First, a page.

Thursday, November 20, 2014

A Few Tips to the Aspiring

So can someone please tell me where the crap November went, we're already in the last 3rd of the month? Seriously I only just looked at the date for today just now and did a double take. Thanksgiving is one of my favorite holidays so that is the silver lining for me at least.

I've done a post already about surviving the trials of being a trainer when you first start out. I figured I could probably offer a little bit more through my experiences in the last year or so, mostly consisting of mistakes or things I could have done better. Might not be the best advice but hopefully I can save 1 soul from losing their bananas.

1. Workaholics be warned- I would not consider myself a workaholic, but I'm not a bum either so I do believe I work hard. There is such thing as working too much, in this field especially. I've made the mistake in the last year+ trying to train too many clients, I know it sounds bass-ackwards right? I would train upwards of 40 hours a week, some days I'd jam in up to 6 hours straight of training, dumb. Yeah I know you can do YOUR job for 6 hours straight, but having to keep my energy levels up, stay locked in for 5-6 clients and a group class so no one gets hurts isn't quite a walk in the park.

Staying with that, when you're a trainer and have an open schedule like I do, and train 35-40+ hours a week you hardly have time for yourself and others in your life. Mostly because you aren't just away from home for just those 35-40 hours, you still have to hang around 30 minutes to an hour, waiting for the next client which can just be a drain. I am and was lucky enough to live close enough to my facility, that I could jet home and chill for a bit, not so much for others. Down time is key here because if you are constantly wound up and stressed the hell out there will be exactly 0 people that will want to be around you, I promise, and that's not great for business.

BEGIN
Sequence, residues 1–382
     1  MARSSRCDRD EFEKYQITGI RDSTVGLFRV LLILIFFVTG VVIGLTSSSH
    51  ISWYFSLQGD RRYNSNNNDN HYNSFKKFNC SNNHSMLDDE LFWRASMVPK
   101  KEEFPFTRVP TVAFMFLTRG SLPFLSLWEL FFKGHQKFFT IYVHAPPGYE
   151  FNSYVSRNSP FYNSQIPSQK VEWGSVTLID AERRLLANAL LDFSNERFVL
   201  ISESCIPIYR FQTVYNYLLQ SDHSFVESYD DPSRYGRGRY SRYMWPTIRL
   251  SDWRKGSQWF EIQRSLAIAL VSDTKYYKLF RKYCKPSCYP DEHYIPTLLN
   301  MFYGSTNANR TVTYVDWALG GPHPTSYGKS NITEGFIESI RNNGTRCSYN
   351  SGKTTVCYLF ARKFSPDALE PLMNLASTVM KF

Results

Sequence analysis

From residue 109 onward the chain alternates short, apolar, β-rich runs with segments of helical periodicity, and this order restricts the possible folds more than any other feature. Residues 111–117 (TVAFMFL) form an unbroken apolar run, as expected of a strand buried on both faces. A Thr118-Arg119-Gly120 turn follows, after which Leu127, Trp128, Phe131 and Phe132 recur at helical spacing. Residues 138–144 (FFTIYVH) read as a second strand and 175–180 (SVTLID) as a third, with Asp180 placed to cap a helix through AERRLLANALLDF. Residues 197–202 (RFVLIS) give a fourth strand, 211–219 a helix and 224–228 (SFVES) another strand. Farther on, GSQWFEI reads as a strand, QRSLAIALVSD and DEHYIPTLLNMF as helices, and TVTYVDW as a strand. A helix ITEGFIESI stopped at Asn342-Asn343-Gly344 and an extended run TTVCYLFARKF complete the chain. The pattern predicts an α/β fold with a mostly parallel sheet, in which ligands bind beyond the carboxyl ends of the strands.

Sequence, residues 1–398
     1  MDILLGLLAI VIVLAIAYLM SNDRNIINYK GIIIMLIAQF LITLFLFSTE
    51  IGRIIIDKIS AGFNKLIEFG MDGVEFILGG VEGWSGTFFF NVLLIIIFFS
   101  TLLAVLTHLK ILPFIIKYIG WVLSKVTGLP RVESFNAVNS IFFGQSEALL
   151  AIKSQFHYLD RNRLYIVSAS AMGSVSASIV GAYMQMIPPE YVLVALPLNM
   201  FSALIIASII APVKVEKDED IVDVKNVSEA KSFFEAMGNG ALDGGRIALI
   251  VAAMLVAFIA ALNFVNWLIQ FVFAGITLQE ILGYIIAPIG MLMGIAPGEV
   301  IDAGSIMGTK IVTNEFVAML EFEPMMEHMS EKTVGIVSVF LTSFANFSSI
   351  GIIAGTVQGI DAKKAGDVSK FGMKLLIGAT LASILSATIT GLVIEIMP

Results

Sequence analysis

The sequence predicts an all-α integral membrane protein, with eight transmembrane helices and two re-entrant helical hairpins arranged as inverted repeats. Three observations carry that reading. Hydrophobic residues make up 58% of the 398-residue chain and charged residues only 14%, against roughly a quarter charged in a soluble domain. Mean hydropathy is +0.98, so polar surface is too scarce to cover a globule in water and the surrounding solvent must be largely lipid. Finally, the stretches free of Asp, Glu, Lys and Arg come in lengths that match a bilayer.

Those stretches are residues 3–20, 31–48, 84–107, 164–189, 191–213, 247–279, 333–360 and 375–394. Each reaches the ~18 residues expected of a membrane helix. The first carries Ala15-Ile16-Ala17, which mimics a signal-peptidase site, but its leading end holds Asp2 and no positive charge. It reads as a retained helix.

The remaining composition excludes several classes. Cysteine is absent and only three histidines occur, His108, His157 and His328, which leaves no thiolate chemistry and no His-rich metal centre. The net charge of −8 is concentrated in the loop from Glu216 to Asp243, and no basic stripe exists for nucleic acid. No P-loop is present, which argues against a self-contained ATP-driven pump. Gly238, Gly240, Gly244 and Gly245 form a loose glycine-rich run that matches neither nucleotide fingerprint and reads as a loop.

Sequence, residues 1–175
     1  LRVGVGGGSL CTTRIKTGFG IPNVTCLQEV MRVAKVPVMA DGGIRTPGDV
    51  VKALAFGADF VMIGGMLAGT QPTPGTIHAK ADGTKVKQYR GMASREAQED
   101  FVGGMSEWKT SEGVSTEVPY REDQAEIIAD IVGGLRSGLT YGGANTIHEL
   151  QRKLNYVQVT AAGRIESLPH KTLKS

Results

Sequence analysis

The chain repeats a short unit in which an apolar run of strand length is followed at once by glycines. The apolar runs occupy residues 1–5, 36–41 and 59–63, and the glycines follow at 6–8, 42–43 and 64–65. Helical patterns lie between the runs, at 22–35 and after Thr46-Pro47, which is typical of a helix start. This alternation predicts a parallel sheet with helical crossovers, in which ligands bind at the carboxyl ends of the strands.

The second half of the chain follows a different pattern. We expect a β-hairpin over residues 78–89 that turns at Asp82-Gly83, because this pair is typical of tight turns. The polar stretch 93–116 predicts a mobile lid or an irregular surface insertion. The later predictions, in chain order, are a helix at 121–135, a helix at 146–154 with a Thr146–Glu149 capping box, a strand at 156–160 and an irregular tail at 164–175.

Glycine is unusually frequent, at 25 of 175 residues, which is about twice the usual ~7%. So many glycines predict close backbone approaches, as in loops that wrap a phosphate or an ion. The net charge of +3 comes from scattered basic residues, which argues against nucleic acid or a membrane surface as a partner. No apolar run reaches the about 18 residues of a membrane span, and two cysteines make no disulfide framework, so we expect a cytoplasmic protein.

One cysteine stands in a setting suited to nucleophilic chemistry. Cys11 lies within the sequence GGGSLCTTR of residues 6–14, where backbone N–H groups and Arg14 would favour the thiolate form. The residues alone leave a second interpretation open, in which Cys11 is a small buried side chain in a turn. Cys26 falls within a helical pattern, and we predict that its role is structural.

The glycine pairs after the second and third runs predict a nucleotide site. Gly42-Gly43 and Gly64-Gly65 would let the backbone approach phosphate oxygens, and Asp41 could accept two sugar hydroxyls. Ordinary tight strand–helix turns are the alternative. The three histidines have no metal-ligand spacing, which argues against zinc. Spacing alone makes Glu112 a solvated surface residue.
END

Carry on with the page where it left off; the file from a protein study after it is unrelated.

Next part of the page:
I acknowledge that I've stated before beggars can not be choosers, yeah congratulations you remember. When you get to the point where you aren't a beggar and have not been for some time, you can probably afford to be a bit pickier and save some sanity. My buddy Mike gave me this advice after he saw me just grind myself into the floor, 30 hours is solid, 35 should be the max for my own health and also because the programming turns to trash, no one wins there.

2. Schedule smarter-A couple things to try to avoid as far as your scheduling goes, I'm saying try, it won't always happen, just make it happen less frequently. If you know for a fact you have a session that will end later than 7 PM try not to kill yourself with a a handful of clients starting at 6 AM the next morning. Your sleep will SUFFER and then it turns into a slippery slope. Another thing I would reconsider is how many sessions in a row you train. I'm usually ready to exhale after about 4 hours in a row so I try to stay away from that.

It's OK to say no to clients, they'll understand, and if they don't well tough shit. I've acquired myself quite the solid base of regular clients so I usually have a pretty good idea of where my breaks will lie and where I absolutely don't want someone to schedule me. I will say the front desk staff at my facility does me many solids by keeping me out of the 'too many in a row' situation and letting me have my breathing room when I need it. My schedule isn't as fat as it once was, but I know my limits and usually have a good idea of what I'm dealing with when my check comes.

Hopefully the above helps someone out there keep their brain in order so they don't hate the world. May not apply to everyone, but I just hope it saves a few lifeforms from falling over.

That's all I got today kiddos, go out there and get after it!

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